Twitter. Can’t live with it. But starting to learn to live without it.
How are things going? This is an actual quote from an actual news story in several leading national outlets including the New York Times:
“A email to Twitter’s communications department seeking comment was returned with a poop emoji.”
Not long ago, I would have used that platform for PR analysis to tell you that this is the antithesis of sound communication during a time of change, like the one that Twitter foisted on its users over the weekend.
But now, if you are like many a Twitter user these days, you’d wish death upon me (Last August, I was told to “drop dead” after tweeting an opinion), spew antisemitism in my direction (I was lectured by random strangers, none of them appeared to be Jewish, on what “really” qualifies in that regard) or proclaim Elon Musk a “patriot” or some such nonsense.
After dealing with what appeared to be yet another technical glitch, Twitter has now imposed, it appears (but we can never know for sure) something called a “rate limit.” Get this – limiting the amount of content that users get to see via the platform, unless you pay up. What value does that bring remaining advertisers? That is a mystery. What does paying up get you? Other than a bigger limited, it’s what’s left of real-time news and information, which has become the only redeeming value of the site, amid a lot of hate speech and bad grammar.
All of this is fine for the 90 percent of the U.S. that, lucky for them, stays off Twitter. For for the rest of us, so many tied in some way to the news business, it’s a quandary. Twitter has become something of an – and I don’t use this term lightly – addiction. This weekend, as all of this was going down, I was trying to keep up with NBA and NFL free agency news. That’s the farthest thing from life and death content but over the past decade and a half, I have gotten hooked to getting it this way along with, well, basically every other piece of information I find relevant.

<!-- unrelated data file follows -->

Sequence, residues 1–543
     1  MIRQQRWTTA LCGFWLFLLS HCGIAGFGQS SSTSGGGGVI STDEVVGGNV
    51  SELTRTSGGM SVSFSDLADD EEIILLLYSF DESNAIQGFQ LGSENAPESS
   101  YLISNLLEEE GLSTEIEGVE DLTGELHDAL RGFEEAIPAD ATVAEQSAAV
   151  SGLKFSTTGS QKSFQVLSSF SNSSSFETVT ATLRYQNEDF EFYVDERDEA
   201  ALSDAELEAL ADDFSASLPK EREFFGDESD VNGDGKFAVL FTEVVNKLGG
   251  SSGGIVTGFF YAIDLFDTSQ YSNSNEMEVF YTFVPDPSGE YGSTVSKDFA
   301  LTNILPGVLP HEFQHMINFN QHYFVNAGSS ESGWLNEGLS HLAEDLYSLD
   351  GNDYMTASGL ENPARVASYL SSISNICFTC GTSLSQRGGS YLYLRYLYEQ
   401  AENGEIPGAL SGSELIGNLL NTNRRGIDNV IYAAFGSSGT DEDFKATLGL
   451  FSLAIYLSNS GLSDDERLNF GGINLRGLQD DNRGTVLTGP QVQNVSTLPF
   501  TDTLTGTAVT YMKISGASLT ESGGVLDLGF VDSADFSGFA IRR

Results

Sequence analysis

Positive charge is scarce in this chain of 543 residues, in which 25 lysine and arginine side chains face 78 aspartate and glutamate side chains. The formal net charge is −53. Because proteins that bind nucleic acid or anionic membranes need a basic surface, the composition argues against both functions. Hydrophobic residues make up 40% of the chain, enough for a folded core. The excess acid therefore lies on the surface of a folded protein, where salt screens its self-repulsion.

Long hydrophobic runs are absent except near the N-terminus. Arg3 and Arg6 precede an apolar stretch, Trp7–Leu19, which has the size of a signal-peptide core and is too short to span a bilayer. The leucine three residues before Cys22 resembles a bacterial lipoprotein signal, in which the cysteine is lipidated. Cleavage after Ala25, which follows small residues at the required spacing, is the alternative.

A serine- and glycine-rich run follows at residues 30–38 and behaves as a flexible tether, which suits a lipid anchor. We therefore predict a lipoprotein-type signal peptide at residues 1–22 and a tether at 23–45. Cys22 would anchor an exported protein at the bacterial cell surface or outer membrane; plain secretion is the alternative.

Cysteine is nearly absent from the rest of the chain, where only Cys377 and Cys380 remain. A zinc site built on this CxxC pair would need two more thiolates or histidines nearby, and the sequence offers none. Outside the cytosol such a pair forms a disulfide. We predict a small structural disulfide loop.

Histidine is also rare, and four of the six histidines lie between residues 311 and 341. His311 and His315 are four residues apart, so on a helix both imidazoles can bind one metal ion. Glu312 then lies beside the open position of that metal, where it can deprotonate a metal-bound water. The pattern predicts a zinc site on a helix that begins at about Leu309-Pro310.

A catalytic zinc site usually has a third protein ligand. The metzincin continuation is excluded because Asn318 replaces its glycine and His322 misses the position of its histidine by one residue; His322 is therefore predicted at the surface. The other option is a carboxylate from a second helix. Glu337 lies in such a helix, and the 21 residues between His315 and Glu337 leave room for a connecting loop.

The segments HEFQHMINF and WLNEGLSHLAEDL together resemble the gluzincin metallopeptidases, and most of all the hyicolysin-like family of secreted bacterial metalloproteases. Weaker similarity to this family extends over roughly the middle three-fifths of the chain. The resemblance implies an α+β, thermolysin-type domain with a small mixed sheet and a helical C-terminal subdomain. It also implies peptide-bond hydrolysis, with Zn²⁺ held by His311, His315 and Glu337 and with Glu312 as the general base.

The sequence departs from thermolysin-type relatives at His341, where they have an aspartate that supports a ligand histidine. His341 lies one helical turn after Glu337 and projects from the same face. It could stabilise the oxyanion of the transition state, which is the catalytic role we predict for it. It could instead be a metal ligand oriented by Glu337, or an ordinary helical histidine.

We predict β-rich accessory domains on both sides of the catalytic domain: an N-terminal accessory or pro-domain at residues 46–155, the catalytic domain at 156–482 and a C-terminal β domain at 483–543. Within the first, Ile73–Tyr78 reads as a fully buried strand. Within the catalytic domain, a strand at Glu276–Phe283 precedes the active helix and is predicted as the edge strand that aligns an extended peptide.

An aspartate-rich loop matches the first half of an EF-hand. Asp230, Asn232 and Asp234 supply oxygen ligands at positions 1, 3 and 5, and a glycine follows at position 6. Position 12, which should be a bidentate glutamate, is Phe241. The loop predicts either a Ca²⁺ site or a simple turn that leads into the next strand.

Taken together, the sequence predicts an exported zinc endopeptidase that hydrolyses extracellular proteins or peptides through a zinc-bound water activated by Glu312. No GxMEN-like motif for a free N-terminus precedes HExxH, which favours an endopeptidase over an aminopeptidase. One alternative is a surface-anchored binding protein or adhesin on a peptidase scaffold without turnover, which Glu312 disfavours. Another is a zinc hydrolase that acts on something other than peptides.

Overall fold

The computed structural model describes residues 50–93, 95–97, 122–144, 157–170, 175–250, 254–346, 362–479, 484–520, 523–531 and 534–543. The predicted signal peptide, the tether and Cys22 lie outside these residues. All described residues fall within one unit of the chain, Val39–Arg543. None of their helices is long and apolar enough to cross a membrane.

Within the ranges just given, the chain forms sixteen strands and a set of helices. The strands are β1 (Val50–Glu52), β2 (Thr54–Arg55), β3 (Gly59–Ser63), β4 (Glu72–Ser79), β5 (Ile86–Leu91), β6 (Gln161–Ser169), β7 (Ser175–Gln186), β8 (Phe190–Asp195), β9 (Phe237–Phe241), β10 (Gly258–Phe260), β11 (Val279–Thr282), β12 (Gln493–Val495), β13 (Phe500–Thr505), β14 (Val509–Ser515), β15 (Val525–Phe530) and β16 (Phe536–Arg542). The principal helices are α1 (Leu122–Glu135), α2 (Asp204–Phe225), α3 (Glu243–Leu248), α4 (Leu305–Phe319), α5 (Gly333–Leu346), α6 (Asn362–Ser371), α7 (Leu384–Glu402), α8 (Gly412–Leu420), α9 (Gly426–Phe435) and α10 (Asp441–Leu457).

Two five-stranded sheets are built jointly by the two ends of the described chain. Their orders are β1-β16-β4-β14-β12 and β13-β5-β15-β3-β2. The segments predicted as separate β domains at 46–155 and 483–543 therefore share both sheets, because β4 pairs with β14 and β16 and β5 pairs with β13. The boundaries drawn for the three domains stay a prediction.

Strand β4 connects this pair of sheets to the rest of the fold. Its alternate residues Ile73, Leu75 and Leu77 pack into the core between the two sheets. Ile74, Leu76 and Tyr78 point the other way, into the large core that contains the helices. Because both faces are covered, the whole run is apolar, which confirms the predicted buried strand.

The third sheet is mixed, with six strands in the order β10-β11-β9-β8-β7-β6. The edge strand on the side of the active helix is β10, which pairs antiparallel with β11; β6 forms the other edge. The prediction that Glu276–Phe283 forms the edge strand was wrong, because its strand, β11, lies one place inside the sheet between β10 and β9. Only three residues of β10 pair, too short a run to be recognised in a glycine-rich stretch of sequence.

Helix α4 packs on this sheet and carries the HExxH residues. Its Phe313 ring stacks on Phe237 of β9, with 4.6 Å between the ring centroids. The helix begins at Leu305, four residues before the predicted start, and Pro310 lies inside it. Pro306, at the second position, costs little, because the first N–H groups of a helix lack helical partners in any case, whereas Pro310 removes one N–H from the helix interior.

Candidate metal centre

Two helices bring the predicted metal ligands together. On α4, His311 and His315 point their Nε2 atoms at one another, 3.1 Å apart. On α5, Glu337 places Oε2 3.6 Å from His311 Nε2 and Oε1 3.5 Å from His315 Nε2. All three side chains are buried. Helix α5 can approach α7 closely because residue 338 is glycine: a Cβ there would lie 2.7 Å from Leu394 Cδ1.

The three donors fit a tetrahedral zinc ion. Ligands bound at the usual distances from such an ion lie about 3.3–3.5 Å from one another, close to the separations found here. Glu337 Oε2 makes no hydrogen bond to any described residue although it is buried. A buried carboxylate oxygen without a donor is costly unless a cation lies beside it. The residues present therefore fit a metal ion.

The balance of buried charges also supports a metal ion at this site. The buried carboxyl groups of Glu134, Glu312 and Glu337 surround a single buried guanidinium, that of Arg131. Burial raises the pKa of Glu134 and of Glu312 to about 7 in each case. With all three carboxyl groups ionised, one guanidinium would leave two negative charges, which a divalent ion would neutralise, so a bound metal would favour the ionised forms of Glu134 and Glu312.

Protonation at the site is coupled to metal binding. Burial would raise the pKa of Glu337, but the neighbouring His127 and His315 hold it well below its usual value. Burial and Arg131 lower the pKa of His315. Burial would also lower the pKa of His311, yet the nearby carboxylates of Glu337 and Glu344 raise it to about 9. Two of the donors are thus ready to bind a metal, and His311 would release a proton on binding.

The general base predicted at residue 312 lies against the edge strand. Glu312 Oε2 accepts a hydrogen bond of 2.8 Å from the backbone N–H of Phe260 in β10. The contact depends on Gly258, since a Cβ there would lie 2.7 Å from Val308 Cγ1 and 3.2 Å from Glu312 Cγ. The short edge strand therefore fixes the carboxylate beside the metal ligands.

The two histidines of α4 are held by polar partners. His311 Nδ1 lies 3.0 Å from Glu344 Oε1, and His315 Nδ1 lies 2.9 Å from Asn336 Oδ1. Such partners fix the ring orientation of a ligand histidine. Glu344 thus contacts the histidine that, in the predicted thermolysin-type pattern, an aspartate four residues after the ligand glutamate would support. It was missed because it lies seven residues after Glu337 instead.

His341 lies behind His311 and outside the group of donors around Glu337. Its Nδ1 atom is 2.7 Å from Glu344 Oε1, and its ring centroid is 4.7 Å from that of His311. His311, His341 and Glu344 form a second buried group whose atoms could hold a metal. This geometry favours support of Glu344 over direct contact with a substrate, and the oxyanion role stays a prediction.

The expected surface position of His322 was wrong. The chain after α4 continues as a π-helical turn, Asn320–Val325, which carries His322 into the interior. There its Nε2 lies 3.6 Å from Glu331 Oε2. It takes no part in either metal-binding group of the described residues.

I’ve been trying to wean myself off the platform for weeks. I decided in June to all but curtail original posts. Because so many are apparently doing the same, it didn’t affect my life, personal or professional, one iota except having to stop myself from what had become habitual action.
My profile now reads as follows:
“Used to tweet a lot about PR, crisis, media, business & sports. But death wishes & antisemitism now get in the way. Thanks to journos for still posting news.”
Musk bought a global communications tool and has turned it into his toy. At the same time, the state in which I live now has a new distracted driving law that prohibits any touching of your device while behind the wheel. Twitter can literally be dangerous. You know what I’m talking about if you’ve ever gotten a “fix” while driving. Maybe Musk is doing the right favor at the right time by helping to break the Twitter habit?